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All or nothing in Maryland

Maryland millionaires set sights on Washington, but Governor Hogan leads the polls

October 9, 2018

6:58 AM

9 October 2018

6:58 AM

When I moved from Virginia to Maryland this year, I was somewhat relieved to distance myself from the rural counties that comprised President Trump’s Appalachian base. Yet, being a news junkie, I’ve grown disappointed at the lack of local headlines reading ‘Too close to call’ during election season. But I’ve enjoyed the backstories that come with these soon-to-be landslides.

Congressional seats back in Virginia are pretty much always up for grabs: David Brat beating Eric Cantor, Mark Warner surviving a close call against Ed Gillespie, and so on. And Democratic voters in the Free State have little reason to sweat as November approaches. Why wouldn’t they? Ben Cardin is firmly in the driver’s seat in his reelection bid for the Senate, and the polls haven’t shown signs of any close contests for the House.

Northwest Maryland usually doesn’t get much national attention, but this year, the region seems to be personifying the ‘go big or go home’ attitude that I love. John Delaney, the district’s incumbent Democrat, kicked off his way-too-early campaign form last summer in a Washington Post op-ed — for 2020.

In a gutsy move that makes me laugh as I write this, Delaney essentially said, ‘Screw it, why not?’ and cast his name for President of the United States. Yet his decision to forego his congressional reelection, hilarious as it may seem, shouldn’t be scoffed at. Maryland’s wealthiest congressman could very well capitalise on the notion that businessmen make successful politicians, and make a Howard Dean-like run in 2019 and 2020.

Delaney has no doubt made his bid for most-daring politician this year. However, his potential successor may be even bolder.

In early August 2017, about one year after spending $13 million to lose Maryland’s 8th congressional district primary election, David Trone, co-founder of Total Wine & More, announced his candidacy for Delaney’s soon-to-be vacated seat. This past August, after spending more than $11 million to win the Democratic primary election for said seat, Trone publicly announced his cancer treatment. Now, after recuperating from chemotherapy and without his once-full head of hair, his race against Republican Amie Hoeber is expected to gain major coverage in October.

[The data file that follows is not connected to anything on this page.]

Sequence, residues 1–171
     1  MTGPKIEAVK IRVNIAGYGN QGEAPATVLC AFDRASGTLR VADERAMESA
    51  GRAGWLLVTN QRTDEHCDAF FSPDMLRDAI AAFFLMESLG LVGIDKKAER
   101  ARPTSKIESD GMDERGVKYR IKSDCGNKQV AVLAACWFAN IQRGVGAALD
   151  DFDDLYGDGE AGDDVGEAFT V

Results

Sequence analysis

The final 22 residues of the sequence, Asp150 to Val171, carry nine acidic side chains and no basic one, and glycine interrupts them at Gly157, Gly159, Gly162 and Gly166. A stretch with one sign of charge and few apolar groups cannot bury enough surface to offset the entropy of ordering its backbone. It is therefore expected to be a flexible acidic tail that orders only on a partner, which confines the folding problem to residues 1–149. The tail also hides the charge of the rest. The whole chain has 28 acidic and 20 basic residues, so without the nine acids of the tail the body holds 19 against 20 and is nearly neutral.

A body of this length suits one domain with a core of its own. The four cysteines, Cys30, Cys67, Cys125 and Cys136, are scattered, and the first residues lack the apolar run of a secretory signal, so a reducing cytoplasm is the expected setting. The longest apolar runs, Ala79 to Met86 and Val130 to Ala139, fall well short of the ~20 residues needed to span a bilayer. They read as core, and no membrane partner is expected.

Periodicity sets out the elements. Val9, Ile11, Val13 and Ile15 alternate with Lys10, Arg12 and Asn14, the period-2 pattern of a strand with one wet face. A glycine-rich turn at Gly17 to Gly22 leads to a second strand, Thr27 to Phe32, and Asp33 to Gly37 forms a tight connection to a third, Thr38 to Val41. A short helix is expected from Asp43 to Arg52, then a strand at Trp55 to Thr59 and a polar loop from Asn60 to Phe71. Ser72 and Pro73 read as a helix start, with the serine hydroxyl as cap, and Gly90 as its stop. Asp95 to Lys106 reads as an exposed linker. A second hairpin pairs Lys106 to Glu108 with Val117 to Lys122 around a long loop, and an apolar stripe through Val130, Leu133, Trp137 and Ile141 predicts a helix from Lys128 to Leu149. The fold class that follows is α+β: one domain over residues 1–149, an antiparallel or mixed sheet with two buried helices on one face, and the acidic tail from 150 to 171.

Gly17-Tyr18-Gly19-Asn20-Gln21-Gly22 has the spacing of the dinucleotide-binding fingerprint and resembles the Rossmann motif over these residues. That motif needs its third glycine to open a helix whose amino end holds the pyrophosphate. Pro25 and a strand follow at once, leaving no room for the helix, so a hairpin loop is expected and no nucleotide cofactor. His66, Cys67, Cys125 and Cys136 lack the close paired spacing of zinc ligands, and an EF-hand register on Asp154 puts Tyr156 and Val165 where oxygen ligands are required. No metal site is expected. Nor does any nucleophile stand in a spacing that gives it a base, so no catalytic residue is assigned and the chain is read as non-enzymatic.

Trone has gone through an eventful year, to say the least. That should create a buzz around the Potomac and keep The Baltimore Sun’s newsroom occupied. Still, a Republican victory in northwest Maryland would be a big shock — unlike another contest going on in Annapolis.

In a state that all but guarantees the Democratic presidential nominee 10 electoral votes, Marylanders appear eager to reelect Republican Larry Hogan for governor.

A recent Goucher College poll places Hogan 22 points ahead of Democratic challenger Ben Jealous. That poll also states that 38 per cent of Maryland Democrats support Hogan. Earlier this year, another poll named Hogan the second-most popular governor in the country, with a 68 per cent approval rating. Even with the support of big-name Democratic senators and comedian Dave Chappelle —yeah, you read that right — the odds are stacked heavily against Jealous.

While seeing a GOP candidate as the blue state’s gubernatorial frontrunner may look odd, Governor Hogan’s reelection should hardly surprise us. Hogan is what many conservatives call a RINO, a ‘Republican In Name Only’. Over the past few years, he has successfully distanced himself from Donald Trump. He publicly supported the Paris Climate Agreement. In 2017, protesting against Trump’s ‘zero tolerance’ immigration policy, he recalled Maryland’s national guard from the United States-Mexico border.

It may be difficult for Democrats, especially those outside of Maryland, to call Hogan’s upcoming victory a win. But, contrary to conventional wisdom, that may be exactly what they need for 2020. Working with a Republican governor who actually cares about student debt and fights for air conditioning in Charm City’s schools could help sway undecided voters toward the Democrats’ choice for president.

Yes, I do miss covering stories where elections were toss-ups and compromises were a fantasy. But I’ll gladly follow the resilient wine magnate running for Congress and the level-headed Republican governor.

Cody Davis is a journalist based in Baltimore. He has previously written for The Tab, the Daily Press and the Collegiate Times.

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